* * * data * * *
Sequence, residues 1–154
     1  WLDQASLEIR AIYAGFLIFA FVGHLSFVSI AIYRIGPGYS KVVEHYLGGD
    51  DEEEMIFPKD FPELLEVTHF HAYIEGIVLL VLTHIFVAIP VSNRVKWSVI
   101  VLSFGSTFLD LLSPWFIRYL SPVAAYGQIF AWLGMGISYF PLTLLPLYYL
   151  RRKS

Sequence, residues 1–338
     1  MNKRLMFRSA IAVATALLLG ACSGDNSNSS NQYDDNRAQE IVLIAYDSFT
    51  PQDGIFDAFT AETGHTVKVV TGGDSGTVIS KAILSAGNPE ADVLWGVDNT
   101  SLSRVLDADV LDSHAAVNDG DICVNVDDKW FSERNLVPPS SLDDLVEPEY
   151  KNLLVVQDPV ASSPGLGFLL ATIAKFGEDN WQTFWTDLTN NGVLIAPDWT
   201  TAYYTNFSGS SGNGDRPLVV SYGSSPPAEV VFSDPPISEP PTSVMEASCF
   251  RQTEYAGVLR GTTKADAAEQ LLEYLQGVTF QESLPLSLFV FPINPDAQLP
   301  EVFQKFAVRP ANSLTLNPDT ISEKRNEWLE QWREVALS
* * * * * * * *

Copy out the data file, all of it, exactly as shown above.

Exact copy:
Sequence, residues 1–154
     1  WLDQASLEIR AIYAGFLIFA FVGHLSFVSI AIYRIGPGYS KVVEHYLGGD
    51  DEEEMIFPKD FPELLEVTHF HAYIEGIVLL VLTHIFVAIP VSNRVKWSVI
   101  VLSFGSTFLD LLSPWFIRYL SPVAAYGQIF AWLGMGISYF PLTLLPLYYL
   151  RRKS

Sequence, residues 1–338
     1  MNKRLMFRSA IAVATALLLG ACSGDNSNSS NQYDDNRAQE IVLIAYDSFT
    51  PQDGIFDAFT AETGHTVKVV TGGDSGTVIS KAILSAGNPE ADVLWGVDNT
   101  SLSRVLDADV LDSHAAVNDG DICVNVDDKW FSERNLVPPS SLDDLVEPEY
   151  KNLLVVQDPV ASSPGLGFLL ATIAKFGEDN WQTFWTDLTN NGVLIAPDWT
   201  TAYYTNFSGS SGNGDRPLVV SYGSSPPAEV VFSDPPISEP PTSVMEASCF
   251  RQTEYAGVLR GTTKADAAEQ LLEYLQGVTF QESLPLSLFV FPINPDAQLP
   301  EVFQKFAVRP ANSLTLNPDT ISEKRNEWLE QWREVALS